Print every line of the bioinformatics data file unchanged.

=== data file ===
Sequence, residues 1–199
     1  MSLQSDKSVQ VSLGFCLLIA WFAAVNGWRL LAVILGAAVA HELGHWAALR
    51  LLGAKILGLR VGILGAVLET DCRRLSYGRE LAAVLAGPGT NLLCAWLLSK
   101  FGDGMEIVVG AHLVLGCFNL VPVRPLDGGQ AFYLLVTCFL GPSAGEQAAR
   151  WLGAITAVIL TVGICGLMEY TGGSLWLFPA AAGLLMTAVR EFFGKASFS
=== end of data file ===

Sequence, residues 1–199
     1  MSLQSDKSVQ VSLGFCLLIA WFAAVNGWRL LAVILGAAVA HELGHWAALR
    51  LLGAKILGLR VGILGAVLET DCRRLSYGRE LAAVLAGPGT NLLCAWLLSK
   101  FGDGMEIVVG AHLVLGCFNL VPVRPLDGGQ AFYLLVTCFL GPSAGEQAAR
   151  WLGAITAVIL TVGICGLMEY TGGSLWLFPA AAGLLMTAVR EFFGKASFS